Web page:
December 20, 2022

Osmind 2022 Year in Review: A Breakthrough Year for Mental Health Care

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We’re in the middle of a mental health crisis. By 2030, the global economic burden of mental health issues will be 12 times larger than that of cancer. Meanwhile, 30% of patients who try two traditional treatments for depression (like SSRIs) relapse and see no lasting relief. Thankfully, 2022 has been a landmark year for mental health research and care.

Telehealth has grown to account for 36% of all outpatient mental health visits, enabling psychiatrists to help more patients. Meanwhile, innovative treatments for depression like ketamine and TMS are finally breaking through to mainstream awareness for their proven benefits. However, regulatory and cost barriers restrict access to these life-saving treatments for millions of people who can’t afford to pay out of pocket.

At Osmind, our mission is to empower clinicians and researchers to bring innovative mental health treatments to patients who need them most. We want to promote worldwide healing and overcome this global crisis, and we’re thankful to everyone who joins us.

Here's a look back at some of the biggest advancements we’ve made in 2022.

Our clinicians spent less time navigating software and more time expanding their patient care

A 2022 study found that full-time physicians spend 3.5 to 6 hours per day inside electronic health records (EHRs). Most of this time is spent on clerical and administrative tasks, such as repetitive logins and inbox management, creating a significant time burden while consuming valuable time that could be spent on patient care.

To address this, we added several features to help psychiatrists and mental health clinicians streamline their workflows and keep patients engaged. Integrated payments let clinicians focus on care and expand access by generating and submitting invoices and superbills directly through the Osmind app. A Zoom integration powers virtual visits, which help clinicians expand services to patients with moderate to severe mental health conditions who may have difficulty coming in person for an appointment. Finally, a library of over 60 templates saves clinicians valuable documentation time.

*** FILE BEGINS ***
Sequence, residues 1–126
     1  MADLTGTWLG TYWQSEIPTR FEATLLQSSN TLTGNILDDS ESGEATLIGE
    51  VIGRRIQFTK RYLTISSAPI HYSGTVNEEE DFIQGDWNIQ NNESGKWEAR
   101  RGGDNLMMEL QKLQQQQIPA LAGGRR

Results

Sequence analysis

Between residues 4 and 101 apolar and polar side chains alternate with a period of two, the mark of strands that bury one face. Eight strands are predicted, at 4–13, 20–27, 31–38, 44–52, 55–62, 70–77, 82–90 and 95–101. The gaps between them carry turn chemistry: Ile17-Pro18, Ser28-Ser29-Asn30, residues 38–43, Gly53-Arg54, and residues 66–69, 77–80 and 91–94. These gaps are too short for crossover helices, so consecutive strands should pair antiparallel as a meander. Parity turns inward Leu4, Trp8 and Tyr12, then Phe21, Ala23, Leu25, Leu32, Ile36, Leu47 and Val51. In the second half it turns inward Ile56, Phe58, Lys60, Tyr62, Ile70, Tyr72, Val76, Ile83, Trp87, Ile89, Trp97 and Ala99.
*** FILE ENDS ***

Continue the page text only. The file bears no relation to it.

Osmind clinicians collected over 2 million patient rating scales to improve clinical care

Clinicians on the Osmind platform have now collected over two million patient rating scales via response to automated surveys sent through the Osmind platform. Rating scales are standardized measures of a patient’s progress and contribute to measurement-based care (MBC).

Research shows that MBC can help increase the therapeutic effect size, detect symptom deterioration faster, improve patient adherence, and give patients a deeper sense of agency over their treatment journey. Moreover, visualizing data inside Osmind helps establish a strong bond between patient and provider. Patients become more aware of their own progress and clinicians recognize early signs of relapse or promising signs of improvement.

We advanced breakthrough mental health research

Our own VP of medical affairs, Dr. Alison McInnes, led the publication of the largest retrospective analysis of ketamine intravenous therapy for depression in real-world care settings. This study is known as Osmind Real-World Ketamine Analyses (ORKA).

The goal of ORKA is to understand the efficacy and safety of ketamine therapy as it is practiced in the community, versus the more limited scope of clinical trials. Clinical trials can only assess a specific combination of controlled parameters. Additionally, it’s unclear how patients enrolled in prospective, randomized trials (usually in academic medical centers) compare to those seeking care in private practice.

In the real world, a variety of treatment regimens and patient characteristics intersect. As the majority of patients receiving ketamine are treated in community practices, it is crucial to assess outcomes in these settings. Such real-world evidence is critical to establish the safety and efficacy of new treatments for patients and obtaining the necessary support of payers to ensure broad access to care.